Jeep Cherokee, the ultimate 4×4?
- 11 November 2010
- 5 Comments
Unfortunately I’m not writing about the current square cut Cherokee, but its older brother. Jeep seems to have a habit of alternating between the etch-a-sketch school of design and a more rounded, gentler approach. This design principle is even carried through to the shape of the headlights, with both the Cherokee and the Wrangler demonstrating this round or square eyed look. However when it came to the smallest member of the family the design team couldn’t make up their mind and produced both the chunky Patriot and the more feminine Compass.
So what’s the old Cherokee like to live with? First the obvious, this is a proper made in the US of A vehicle which apart from the European diesel engine is pure “mom’s apple pie”. Anyone expecting the design flair and sophistication of a European car will soon notice the simple and plain interior, constructed from hard and rugged plastics. Whilst this wont be to everyone tastes it does suit the vehicle and you get the impression it can handle the real world without fear of damage. In fact the whole interior gives the impression it’s constructed from weapons grade materials, but not necessarily fitted or assembled that well.
The performance of the vehicle follows the same principle, verging on the agricultural. The engine is very vocal, especially at start-up, but once under way it does have real performance and quietens down nicely. The gearbox however is very much from the Massey-Ferguson school of engineering. Heavy, clunky, and slow this is a real man’s piece of equipment, not some thing for the faint hearted or limp wristed. There is an auto option available, but this version does have serious drink problem.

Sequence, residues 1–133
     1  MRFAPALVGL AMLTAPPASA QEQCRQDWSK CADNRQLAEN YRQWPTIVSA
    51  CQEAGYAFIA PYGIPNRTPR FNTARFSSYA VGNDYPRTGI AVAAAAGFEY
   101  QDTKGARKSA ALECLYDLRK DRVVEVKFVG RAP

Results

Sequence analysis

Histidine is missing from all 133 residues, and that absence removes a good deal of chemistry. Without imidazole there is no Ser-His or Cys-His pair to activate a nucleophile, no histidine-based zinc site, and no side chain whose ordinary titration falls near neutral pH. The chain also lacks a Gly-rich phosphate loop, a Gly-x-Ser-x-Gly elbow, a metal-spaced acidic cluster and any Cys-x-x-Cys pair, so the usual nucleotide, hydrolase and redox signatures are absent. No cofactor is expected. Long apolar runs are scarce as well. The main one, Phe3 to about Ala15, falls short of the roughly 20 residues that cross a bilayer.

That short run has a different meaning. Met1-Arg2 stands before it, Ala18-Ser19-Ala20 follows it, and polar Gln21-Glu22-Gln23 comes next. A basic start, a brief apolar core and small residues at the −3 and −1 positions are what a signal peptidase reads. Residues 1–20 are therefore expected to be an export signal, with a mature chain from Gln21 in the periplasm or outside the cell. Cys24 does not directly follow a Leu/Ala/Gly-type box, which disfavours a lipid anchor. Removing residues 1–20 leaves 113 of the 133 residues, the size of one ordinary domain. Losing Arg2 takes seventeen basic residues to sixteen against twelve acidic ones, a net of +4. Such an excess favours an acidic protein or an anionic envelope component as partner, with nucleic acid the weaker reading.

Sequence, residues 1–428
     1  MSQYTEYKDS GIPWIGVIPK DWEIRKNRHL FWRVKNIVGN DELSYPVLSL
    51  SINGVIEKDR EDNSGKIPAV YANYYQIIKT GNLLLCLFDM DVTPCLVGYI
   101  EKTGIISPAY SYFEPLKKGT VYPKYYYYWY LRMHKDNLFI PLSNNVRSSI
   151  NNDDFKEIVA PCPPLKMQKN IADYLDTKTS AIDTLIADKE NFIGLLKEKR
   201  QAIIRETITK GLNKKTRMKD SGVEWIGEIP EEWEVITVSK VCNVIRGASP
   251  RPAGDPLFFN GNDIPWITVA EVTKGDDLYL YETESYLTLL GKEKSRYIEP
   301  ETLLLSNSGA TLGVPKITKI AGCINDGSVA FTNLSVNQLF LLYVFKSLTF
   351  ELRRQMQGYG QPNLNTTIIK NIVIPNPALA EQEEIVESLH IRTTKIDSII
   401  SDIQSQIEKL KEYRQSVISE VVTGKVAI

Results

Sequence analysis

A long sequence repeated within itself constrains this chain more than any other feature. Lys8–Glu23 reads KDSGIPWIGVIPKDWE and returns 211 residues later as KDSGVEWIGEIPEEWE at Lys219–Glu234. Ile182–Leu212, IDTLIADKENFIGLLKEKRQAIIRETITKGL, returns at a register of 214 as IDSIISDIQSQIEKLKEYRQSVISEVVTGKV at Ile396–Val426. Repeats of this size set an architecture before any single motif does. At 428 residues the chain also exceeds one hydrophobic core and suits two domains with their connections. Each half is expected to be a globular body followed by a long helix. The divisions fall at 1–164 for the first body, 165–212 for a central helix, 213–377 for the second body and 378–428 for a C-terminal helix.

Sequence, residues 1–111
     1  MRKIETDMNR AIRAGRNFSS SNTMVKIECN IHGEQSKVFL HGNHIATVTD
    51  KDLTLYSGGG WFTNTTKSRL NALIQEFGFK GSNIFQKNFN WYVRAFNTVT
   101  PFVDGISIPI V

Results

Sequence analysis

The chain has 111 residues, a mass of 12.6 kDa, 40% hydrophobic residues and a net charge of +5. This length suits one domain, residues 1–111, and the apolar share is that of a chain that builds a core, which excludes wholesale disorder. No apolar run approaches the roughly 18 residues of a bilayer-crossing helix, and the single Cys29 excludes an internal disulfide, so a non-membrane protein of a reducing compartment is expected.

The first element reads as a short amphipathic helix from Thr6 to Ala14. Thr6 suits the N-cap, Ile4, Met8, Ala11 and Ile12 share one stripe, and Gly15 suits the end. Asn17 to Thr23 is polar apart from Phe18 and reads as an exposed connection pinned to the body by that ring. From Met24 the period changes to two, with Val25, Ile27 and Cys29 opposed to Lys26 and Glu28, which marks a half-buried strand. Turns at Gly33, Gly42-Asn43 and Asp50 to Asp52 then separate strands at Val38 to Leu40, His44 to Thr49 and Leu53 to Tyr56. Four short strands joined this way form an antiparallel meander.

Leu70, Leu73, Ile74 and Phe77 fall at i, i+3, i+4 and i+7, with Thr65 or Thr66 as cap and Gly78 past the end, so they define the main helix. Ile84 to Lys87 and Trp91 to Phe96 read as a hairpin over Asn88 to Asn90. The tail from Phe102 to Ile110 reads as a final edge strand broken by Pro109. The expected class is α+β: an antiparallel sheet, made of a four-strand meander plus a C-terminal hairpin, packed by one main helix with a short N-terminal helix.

This is no lightweight, hairdressers, lifestyle, crossover cruiser, under the skin this is a real-off roader. Once you’ve selected four wheel drive using the Hi-Lo lever this car is capable of going places most drivers wouldn’t believe possible. Remember it also has a traditional transfer box with box high and low ratios. Whilst this real off-road ability is to be applauded the on-road manners do leave something to be desired at times. Using full throttle in the lower gears rounding corners and roundabouts can soon have the rear end out of line, especially in damp conditions. For the more adventurous driver this can be quite fun and rewarding, but for more sedate drivers it could be both an unwanted distraction, or plain dangerous. Looking at the spec sheet or just looking under the car will reveal independent front suspension, but a dirty big live axle at the rear another example of the basic and rugged nature of this vehicle.
The final dose of Americana isn’t apparent at first, but put the key in the ignition and you’re confronted with warning buzzers and bells, seat belts, doors, all trigger off some thing. Lower the sun visor and there’s war and peace of safety do’s and don’ts. Blame the ambulance chasing lawyers. Finally there’s the rear view mirror, complete with electronic compass, I jest not. Crossing the Nevada desert it might just be useful, stuck in traffic on the M1 it’s pointless.
So if you need a simple rugged motor which can handle proper off roading, can seat five and carry some luggage, has a decent diesel engine and you don’t get annoyed by buzzers and warning lights then this is the car. If you’re a more delicate mode of transport then look elsewhere.